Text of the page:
But all I can demonstrate is point 2 - CO2 isn't that impactful.
The pause shows that is the case.

Jul 14, 2013 at 10:33 PM | Unregistered CommenterM Courtney

Schrodinger's Cat

You know it and I know it, but the people who don't follow the handful of fairly specialist sceptical blogs tend to be influenced by the sheer weight of authoritative pronouncement.

I agree but Neil is better known than Davey ^.^

Jul 14, 2013 at 10:33 PM | Registered CommenterDung

S Cat:

the people who don't follow the handful of fairly specialist sceptical blogs tend to be influenced by the sheer weight of authoritative pronouncement.

They do? How do you explain these figures then?

The general public mostly also thinks it's garbage - mostly without having to watch such boring details. How do they come to this conclusion? Common sense? BS detectors? I dunno. I'm too intellectual to understand.

The problem is not those that wouldn't ever watch the Sunday Politics. It's the smug, elite media-spad-politicos who do. And today Andrew Neil politely but confidently drove his tank onto their lawn.

I say it's game on.

Jul 14, 2013 at 10:35 PM | Registered CommenterRichard Drake


The "mostly AGW" statement has always been a con. It only asserts a climate sensitivity above about 0.6-0.8 C per doubling, which many lukewarmer sceptics would subscribe to anyway. But it gives the rhetorical effect of a consensus against sceptics because nobody realises what it actually means.

Yep. Thanks for spelling this out so clearly.

Jul 14, 2013 at 10:45 PM | Registered CommenterRichard Drake

The trouble, Richard (D), is that "superficial slickness" is all that's required in a 6 minute interview. Sure, most of his comments were deception, but that's precisely the object: to deceive. And he does it pretty well - as S's Cat said, Davey "spoke fluently and with confidence".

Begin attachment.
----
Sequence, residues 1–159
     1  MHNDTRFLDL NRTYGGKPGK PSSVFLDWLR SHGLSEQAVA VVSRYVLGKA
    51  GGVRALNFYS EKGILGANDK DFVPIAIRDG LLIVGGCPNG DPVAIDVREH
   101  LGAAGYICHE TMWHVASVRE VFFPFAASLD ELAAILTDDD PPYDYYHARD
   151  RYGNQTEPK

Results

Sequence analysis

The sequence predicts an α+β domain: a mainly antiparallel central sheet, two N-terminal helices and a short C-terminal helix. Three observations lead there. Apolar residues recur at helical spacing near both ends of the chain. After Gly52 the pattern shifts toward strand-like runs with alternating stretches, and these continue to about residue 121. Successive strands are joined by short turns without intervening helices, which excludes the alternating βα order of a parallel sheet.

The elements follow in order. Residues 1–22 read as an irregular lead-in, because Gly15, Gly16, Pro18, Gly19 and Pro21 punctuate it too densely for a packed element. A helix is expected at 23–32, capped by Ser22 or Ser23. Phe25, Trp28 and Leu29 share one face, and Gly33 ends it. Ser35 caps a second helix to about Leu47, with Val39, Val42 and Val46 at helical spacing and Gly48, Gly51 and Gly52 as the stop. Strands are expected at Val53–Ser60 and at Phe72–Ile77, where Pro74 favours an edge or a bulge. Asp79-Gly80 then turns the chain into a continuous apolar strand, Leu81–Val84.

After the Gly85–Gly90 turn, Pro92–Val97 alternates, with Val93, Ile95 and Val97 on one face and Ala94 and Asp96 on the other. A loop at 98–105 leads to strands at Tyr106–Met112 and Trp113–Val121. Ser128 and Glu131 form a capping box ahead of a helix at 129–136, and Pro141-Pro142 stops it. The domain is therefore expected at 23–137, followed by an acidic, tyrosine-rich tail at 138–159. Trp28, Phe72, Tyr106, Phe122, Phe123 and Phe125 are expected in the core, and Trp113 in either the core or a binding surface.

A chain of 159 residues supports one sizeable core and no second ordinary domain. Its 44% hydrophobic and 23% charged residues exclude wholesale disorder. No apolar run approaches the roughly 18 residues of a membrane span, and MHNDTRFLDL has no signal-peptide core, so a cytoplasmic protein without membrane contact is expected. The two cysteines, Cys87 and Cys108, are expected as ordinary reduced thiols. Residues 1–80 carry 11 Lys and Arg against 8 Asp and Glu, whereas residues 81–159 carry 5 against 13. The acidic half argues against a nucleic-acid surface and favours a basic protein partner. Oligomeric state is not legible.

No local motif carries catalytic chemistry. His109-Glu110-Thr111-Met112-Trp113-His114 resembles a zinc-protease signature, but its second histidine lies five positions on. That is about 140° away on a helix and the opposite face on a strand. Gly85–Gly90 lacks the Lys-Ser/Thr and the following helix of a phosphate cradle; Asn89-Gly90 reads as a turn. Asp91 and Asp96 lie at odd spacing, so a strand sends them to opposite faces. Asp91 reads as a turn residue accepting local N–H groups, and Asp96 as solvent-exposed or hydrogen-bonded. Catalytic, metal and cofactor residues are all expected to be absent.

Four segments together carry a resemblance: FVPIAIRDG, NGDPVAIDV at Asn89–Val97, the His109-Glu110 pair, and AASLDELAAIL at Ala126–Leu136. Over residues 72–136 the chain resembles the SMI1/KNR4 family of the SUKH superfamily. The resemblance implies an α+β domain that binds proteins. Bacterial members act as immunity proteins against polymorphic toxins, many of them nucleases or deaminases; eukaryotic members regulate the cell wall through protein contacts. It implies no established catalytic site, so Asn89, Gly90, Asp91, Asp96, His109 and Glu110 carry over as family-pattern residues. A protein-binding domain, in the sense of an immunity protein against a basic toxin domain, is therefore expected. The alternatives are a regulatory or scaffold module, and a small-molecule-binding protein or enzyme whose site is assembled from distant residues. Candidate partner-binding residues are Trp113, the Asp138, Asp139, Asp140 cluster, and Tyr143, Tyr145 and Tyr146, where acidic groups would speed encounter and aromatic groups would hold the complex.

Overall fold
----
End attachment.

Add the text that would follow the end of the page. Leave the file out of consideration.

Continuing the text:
And Shub: I don't know how you got the impression that Davey was "sweating bullets". Have another look: Neil makes his (devastating to you and me) observations and Davey looks at him calmly and levelly and totally ignores the issue. A professional job to my mind: those "smug, elite media-spad-politicos" will have been cheering him on.

In contrast, I very much doubt that he would have found it so easy to dismiss the recent observation by Su Wei (Chinese chief negotiator at a climate change negotiation a few weeks ago) that China could not impose caps on its rising emissions because it needed time to focus on economic growth (LINK). Our main focus should be this: given that attitude (by the world's biggest emitter) what's the point of UK policy?

Jul 14, 2013 at 10:48 PM | Registered CommenterRobin Guenier

I noticed Ed Davey floundering and resorting to met office briefing statements for Ice melt, and especially ocean heat content.

However, He insisted twice that the hadcrut4 data shown was only for land surfaces and not ocean temperatures - which is nonsense.

Jul 14, 2013 at 10:54 PM | Unregistered CommenterClivebest

Robin: I think Nigel Lawson has achieved a terrific balance on this. In saying that I'm saying you're right and that Andrew Neil was too. But you are arguing for reinforcement in your area of the battle because that's where the enemy's weakest. I'm not in charge of the troop deployments but I'll put a good word in for you next time they ask me :)